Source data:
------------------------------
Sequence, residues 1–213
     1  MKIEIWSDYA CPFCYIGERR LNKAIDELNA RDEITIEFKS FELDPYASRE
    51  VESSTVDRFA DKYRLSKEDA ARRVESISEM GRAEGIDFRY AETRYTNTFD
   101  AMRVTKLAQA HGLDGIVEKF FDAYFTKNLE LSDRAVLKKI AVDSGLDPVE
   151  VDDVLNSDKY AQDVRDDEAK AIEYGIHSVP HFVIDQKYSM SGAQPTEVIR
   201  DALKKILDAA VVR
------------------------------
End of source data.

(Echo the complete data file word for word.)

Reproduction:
Sequence, residues 1–213
     1  MKIEIWSDYA CPFCYIGERR LNKAIDELNA RDEITIEFKS FELDPYASRE
    51  VESSTVDRFA DKYRLSKEDA ARRVESISEM GRAEGIDFRY AETRYTNTFD
   101  AMRVTKLAQA HGLDGIVEKF FDAYFTKNLE LSDRAVLKKI AVDSGLDPVE
   151  VDDVLNSDKY AQDVRDDEAK AIEYGIHSVP HFVIDQKYSM SGAQPTEVIR
   201  DALKKILDAA VVR